Outlook 2020 – Q2

In our previous edition, we discussed the importance of the Covid-19 virus and the economic impact that its spread could cause. Today, due to the scale of the event, we are offering a publication in an exceptional format, retracing the birth and the consequences of this crisis.

The pandemic and its econimic consequences

Quarantine in China: first supply and demand shocks
In January 2020, China decided to quarantine several cities affected by the rapid spread of the Covid-19 virus, which led to the closure of many factories. Many production chains were then interrupted and very quickly, the impact was felt in Europe and the United States. With the Chinese industrial hub at a stands-till, we witnessed throughout February a supply shock that affected many sectors (automotive and technology in particu-lar). However, this shock had little effect because it mitigated very quickly and then was transformed into a demand shock.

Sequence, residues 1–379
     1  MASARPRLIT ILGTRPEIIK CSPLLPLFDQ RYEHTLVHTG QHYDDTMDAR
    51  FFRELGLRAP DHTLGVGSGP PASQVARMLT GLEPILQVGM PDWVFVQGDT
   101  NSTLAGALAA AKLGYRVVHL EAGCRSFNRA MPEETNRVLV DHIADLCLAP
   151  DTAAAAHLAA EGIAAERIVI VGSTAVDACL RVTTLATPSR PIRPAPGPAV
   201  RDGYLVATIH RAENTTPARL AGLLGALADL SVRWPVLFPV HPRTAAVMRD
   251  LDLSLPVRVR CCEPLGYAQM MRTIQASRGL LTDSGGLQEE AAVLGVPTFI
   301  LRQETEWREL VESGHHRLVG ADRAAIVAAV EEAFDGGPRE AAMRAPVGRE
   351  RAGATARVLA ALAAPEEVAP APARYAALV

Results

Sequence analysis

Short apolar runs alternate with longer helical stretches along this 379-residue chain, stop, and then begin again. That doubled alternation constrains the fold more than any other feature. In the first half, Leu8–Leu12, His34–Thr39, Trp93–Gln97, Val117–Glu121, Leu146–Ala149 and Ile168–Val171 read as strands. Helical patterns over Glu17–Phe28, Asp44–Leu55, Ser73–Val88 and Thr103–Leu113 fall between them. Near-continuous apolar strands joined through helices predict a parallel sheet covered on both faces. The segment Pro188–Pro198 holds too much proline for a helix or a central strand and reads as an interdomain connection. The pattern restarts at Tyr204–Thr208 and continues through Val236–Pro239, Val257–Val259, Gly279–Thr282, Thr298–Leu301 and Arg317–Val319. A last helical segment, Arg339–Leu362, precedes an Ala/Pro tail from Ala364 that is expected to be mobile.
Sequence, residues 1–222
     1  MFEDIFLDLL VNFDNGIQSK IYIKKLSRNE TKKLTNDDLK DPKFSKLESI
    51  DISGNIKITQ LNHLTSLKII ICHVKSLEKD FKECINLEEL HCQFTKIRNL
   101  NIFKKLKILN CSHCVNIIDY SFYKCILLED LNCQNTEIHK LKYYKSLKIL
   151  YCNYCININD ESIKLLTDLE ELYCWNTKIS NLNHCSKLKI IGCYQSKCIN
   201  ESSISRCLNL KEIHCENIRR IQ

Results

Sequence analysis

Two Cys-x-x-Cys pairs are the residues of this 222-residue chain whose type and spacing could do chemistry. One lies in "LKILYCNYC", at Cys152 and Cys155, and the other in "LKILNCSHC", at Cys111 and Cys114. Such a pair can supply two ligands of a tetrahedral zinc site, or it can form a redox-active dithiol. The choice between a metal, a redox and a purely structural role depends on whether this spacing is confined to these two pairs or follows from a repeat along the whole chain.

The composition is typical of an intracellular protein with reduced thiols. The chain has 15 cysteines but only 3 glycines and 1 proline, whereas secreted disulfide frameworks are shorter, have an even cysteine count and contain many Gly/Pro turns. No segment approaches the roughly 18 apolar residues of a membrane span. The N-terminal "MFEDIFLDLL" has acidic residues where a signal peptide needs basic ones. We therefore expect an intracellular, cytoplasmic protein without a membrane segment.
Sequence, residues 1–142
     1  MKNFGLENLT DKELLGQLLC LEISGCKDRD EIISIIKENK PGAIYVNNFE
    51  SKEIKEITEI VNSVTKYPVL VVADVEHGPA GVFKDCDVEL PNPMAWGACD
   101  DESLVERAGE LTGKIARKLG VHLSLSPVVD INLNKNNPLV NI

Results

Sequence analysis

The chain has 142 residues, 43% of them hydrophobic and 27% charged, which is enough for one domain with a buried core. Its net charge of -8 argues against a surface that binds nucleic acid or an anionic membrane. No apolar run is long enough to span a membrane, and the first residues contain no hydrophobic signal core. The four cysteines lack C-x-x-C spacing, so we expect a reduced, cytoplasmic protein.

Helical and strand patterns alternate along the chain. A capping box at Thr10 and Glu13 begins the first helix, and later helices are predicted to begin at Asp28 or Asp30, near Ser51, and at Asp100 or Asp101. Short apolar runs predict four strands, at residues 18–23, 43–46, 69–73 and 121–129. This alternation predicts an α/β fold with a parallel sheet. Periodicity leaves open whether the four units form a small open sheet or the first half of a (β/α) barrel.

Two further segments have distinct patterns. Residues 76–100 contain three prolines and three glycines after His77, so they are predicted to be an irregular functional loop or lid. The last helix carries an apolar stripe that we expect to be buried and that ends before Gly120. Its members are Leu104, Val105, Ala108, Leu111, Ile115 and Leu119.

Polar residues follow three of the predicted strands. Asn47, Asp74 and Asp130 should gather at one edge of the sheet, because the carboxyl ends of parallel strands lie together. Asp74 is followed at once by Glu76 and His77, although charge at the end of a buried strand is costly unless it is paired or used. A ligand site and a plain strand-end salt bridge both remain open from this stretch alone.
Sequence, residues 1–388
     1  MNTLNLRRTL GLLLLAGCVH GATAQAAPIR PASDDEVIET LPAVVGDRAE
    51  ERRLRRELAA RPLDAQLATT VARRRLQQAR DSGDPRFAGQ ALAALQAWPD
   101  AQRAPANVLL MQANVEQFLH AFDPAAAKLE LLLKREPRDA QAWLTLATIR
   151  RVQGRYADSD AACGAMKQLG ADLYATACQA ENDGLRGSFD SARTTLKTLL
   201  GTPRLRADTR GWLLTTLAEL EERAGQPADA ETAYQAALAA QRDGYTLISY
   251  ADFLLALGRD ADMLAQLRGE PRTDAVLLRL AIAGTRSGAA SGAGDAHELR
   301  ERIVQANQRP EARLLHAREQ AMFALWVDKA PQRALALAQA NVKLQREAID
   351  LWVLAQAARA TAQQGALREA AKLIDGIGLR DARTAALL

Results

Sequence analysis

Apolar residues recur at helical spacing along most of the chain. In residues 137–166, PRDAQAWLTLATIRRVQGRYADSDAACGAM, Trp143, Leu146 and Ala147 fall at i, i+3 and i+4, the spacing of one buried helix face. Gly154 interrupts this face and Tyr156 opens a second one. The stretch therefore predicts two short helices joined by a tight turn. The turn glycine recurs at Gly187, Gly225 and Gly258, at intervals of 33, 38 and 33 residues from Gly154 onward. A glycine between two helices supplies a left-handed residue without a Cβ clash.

First cases in Europe: industrialised countries at a standstill
When the first cases appeared in Italy and then in the rest of Europe, there was an immediate reaction from the countries who demanded the complete closure of all activities deemed non-essential. Strict lockdown measures were then put in place. Economic activity then stopped and the consumption of the population was limited to the essentials.

Immobilised transport: new demand shock
At the beginning of March, there was another major demand shock. Certain sectors such as commerce, leisure, tourism and trans-port were the first to suffer from the situation. Airlines began cutting commercial flights. With almost 90% of the fleets immobilised on the ground, they were only used in repatria-tion operations or the transport of goods. At the same time, maritime transport came to a standstill and the movements of individuals were limited.

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